For determination of the baseline sensory, pain perception, and pain tolerance thresholds, pairs of gold electrodes were positioned on glabrous skin of both the right and left ring fingers. For each specific threshold measurement, both sides (dominant and non-dominant hand) were tested sequentially, with the order determined by random assignment. The skin was prepared for testing with a gentle abrasive cleaning preparation. A pair of gold electrodes (1 cm diameter) separated by a 1.7 cm Mylar spreader was coated with a thin layer of chloride-free electroconductive gel and taped to the finger. Volunteers were instructed as to how to respond to each stimulus according to a standardized script and were blinded at all times to the threshold measurement results displayed on the Neurometer device.

The baseline current perception (sensory) thresholds were tested first at 2000, 250 and 5 Hz. The operator slowly increased the stimulus until the volunteer consistently reported detecting the stimulus at 0.02 mA value and not detecting the stimulus 0.2 mA units below this value. The manual intensity alignment was followed by auto test cycles controlled by the device. Auto test cycles with true or false testing confirmed that the volunteer responses were within ± 0.04 mA. After repeated and consistent crossovers occurred, the device determined the exact mA current value.

After completing the baseline current perception threshold measurements on both hands, baseline pain perception thresholds and then pain tolerance thresholds were measured on both hands. For pain perception and pain tolerance threshold measurements, the volunteer initiated the stimulation by pushing a button on the device. As long as the volunteer depressed the button, the amount of stimulation slowly increased automatically. We asked volunteers to release the button when they perceived the stimulus as painful (for pain perception thresholds) or it became intolerable (for pain tolerance thresholds). We allowed at least two minutes, or until sensation in the finger had returned to baseline, between successive stimuli. In summary, three different frequencies of stimulation (2000 Hz, 250 Hz, and 5 Hz) were used in order to obtain three different threshold measurements (current perception, pain perception, and maximum pain tolerance). These baseline sensory and pain thresholds in response to electrical stimulation were normally distributed.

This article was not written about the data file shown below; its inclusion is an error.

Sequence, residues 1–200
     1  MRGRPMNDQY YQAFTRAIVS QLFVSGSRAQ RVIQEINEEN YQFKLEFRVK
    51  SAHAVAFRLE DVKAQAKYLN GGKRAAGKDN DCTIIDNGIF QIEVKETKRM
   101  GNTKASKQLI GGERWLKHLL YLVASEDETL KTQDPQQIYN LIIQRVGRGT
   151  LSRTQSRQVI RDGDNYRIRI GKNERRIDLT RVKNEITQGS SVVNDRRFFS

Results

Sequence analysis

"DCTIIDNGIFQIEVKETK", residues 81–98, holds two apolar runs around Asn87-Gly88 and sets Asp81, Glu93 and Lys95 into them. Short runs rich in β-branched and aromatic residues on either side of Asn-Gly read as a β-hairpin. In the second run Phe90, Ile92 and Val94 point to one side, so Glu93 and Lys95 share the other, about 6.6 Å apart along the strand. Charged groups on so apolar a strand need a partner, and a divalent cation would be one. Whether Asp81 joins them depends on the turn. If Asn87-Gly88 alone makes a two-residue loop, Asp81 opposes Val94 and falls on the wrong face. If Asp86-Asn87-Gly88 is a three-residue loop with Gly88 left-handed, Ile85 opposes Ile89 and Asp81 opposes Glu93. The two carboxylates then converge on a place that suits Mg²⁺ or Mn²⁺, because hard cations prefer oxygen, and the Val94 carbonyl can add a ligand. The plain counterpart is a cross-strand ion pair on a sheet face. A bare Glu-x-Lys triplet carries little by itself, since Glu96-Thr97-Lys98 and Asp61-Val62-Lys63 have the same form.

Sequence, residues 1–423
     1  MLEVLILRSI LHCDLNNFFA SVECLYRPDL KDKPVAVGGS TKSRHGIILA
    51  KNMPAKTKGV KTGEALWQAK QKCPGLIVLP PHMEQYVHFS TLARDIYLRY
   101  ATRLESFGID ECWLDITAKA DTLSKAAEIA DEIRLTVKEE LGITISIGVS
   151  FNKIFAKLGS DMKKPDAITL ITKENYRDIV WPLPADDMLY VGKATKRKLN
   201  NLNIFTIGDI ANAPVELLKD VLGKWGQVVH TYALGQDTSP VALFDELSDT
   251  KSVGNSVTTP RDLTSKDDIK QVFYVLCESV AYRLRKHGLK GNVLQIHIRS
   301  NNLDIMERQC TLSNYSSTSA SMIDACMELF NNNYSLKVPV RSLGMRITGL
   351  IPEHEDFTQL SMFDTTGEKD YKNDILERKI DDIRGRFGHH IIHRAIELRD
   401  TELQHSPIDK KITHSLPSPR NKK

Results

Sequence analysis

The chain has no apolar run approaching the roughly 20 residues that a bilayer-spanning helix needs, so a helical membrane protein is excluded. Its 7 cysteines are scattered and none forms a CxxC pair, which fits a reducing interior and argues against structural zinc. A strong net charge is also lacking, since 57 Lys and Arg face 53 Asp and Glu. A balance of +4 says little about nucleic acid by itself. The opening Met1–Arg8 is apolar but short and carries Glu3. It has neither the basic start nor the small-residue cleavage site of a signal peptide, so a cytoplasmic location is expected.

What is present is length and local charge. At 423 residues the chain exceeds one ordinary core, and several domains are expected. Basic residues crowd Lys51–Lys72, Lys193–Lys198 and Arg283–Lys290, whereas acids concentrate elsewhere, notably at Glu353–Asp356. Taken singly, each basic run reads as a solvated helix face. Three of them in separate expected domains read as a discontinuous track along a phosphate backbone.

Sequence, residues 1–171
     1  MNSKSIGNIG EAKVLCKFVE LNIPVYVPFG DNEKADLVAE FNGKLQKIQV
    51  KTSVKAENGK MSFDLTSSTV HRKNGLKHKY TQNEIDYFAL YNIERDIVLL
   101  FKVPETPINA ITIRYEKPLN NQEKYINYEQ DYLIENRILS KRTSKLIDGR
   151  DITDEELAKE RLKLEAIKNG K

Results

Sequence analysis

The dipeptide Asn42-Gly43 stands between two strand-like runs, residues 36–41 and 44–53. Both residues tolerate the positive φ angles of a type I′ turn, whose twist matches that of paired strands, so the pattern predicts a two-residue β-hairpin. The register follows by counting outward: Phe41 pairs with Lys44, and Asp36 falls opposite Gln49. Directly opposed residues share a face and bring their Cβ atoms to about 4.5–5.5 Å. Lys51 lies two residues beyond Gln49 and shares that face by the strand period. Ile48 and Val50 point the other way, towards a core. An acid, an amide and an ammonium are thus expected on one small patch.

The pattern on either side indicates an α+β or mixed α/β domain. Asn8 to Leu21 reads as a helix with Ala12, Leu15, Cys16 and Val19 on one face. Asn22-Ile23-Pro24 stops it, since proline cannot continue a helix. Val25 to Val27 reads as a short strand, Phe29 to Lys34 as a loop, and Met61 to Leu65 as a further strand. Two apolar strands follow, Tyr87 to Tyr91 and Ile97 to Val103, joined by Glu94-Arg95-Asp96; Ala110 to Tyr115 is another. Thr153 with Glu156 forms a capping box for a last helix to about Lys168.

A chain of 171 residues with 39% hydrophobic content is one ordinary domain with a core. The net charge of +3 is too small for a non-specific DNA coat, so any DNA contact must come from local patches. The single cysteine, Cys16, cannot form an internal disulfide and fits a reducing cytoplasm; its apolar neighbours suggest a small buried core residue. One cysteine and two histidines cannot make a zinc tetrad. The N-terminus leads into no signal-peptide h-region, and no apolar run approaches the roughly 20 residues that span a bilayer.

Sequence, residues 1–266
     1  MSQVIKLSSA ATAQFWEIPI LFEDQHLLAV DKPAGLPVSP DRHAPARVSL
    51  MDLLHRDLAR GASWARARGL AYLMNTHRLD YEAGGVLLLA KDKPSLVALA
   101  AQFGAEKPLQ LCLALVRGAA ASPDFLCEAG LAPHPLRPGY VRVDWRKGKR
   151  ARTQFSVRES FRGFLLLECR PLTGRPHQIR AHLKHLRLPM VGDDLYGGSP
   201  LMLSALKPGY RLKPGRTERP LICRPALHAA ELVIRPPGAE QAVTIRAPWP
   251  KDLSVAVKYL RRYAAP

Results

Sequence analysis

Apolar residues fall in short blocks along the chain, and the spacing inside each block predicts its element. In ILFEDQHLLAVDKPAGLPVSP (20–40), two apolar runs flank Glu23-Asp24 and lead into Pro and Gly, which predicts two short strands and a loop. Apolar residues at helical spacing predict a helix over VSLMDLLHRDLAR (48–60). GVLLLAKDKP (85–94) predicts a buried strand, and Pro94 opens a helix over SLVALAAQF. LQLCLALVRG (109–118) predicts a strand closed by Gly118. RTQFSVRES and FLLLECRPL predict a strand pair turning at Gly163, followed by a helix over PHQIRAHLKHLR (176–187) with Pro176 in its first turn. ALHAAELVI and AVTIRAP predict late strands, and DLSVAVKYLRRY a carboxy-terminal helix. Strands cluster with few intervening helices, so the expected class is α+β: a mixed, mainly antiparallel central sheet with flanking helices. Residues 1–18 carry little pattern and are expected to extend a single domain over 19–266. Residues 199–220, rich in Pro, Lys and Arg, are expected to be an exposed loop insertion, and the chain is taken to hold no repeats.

In order to determine baseline thermal sensory, pain perception, and pain tolerance thresholds, contact heat stimuli were delivered using a computer-controlled thermal sensory analyzer (TSA-II Neurosensory Analyzer). This device has been used extensively for quantitative assessment of thermal sensory and pain thresholds.18,24 The maximum delivered temperature was 50°C, and the minimum temperature was 0°C.

For temperature threshold testing, a 3 x 3 cm square thermode was positioned on the volar area of the volunteer's forearm. Both the dominant and non-dominant arms were tested sequentially, with the order determined randomly. From a baseline of 32°C, probe temperature was increased or decreased at a rate of 0.5°C/second until the volunteer responded. The slow rise presumably evokes mainly stimulation of C-nociceptive afferents.25 Volunteers were instructed as to how to respond to each stimulus according to a standardized script and were always blinded to results. Four trials of warm and cold sensory thresholds were given to each volunteer, followed by four trials of heat pain and cold pain (perception) thresholds and then four trials of heat pain and cold pain tolerance thresholds. Volunteers were instructed to press a button to interrupt the stimulus whenever they felt that the appropriate threshold had been reached. The four trials were averaged to determine the thresholds. A few volunteers reported mild tenderness at the testing site after maximum intensity stimulation; in these volunteers, the position of the thermode was altered slightly between trials in order to avoid either sensitization or habituation of cutaneous receptors. In addition, we allowed at least 60 seconds between successive stimuli. Subjects were blinded at all times to the temperature threshold values obtained with the TSA-II Neurosensory Analyzer.